Like a lot of things with „quantum“ in their name, quantum radar picks up where its classical analog ends. Stealth fighters? Cancer cells? Quantum radar can spot them with relative ease. But, again, like most things with quantum in their name, the technology is only now coming into reach.
By Michael Byrne|MOTHERBOARD
Researchers at the University of York have developed a new system that promises to open up quantum radar technology in a new, practical way. As described by a paper in the current Physical Review Letters, their system depends on a new sort of electromagnetic frequency converter, one allowing the coupling (or entanglement) of beams in optical wavelengths with beams in the microwave spectrum.
The result is a radar system that can both generate entangled microwave-optical beams, as during signal emission, and convert the received microwave beams back into optical wavelengths.
Quantum radar is still fairly out-there idea. Lockheed Martin holds a generic patent in Europe on the theorized technology, but the defense contractor doesn’t offer much in the way of possible implementations. Using „entangled quantum particles,“ Lockheed’s would-be system, should allow its users to „visualise useful target details through background and/or camouflaging clutter, through plasma shrouds around hypersonic air vehicles, through the layers of concealment hiding underground facilities, [and find] IEDs [improvised explosive devices], mines and other threats–all while operating from an airborne platform.“ That’s not a particularly modest declaration.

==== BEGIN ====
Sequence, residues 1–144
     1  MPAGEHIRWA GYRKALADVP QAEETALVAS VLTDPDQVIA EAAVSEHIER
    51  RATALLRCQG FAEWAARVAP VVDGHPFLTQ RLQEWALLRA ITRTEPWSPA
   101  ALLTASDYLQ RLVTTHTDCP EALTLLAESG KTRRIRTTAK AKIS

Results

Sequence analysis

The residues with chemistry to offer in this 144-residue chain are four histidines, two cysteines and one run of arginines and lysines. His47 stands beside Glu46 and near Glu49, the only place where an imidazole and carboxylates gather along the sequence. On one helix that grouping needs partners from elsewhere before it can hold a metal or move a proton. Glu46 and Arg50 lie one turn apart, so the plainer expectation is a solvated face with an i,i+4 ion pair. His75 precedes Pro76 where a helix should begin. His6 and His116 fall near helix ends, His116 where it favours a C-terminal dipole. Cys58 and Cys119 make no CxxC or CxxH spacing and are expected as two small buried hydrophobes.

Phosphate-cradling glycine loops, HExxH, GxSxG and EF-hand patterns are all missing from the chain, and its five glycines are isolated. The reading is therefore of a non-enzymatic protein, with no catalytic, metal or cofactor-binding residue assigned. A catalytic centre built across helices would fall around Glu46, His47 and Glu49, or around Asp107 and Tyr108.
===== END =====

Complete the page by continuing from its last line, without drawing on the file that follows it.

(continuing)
The gist of the idea (also known as „quantum illumination“) is that, through quantum entanglement, beams of extremely high-frequencies, like microwaves, might be used to image cloaked objects very far away. Currently, this is an impossibility as beams like this don’t travel so well across big distances.
That is, a microwave radar beam might do well enough when it’s reflecting against some well-defined, conventional surface, where the returning beam is sufficiently strong to persist through atmospheric thermal background noise. But a stealth surface, where this reflection is minimized, reflects a radar beam only very weakly. A detection is made, but the returning signal isn’t powerful enough to make the trip back. That’s the whole idea of stealth technology: not invisibility, but good-enough dampening.
The concept behind quantum radar is quantum entanglement. This is where one or more particles or particle collections are put into the same quantum state, such that they’re „sharing“ the state or even becoming indistinguishable from each other, with the effect being that a distant particle can influence (in a sense) its nearby entangled partner. It gives the illusion (at least) of a sort of superliminal communication.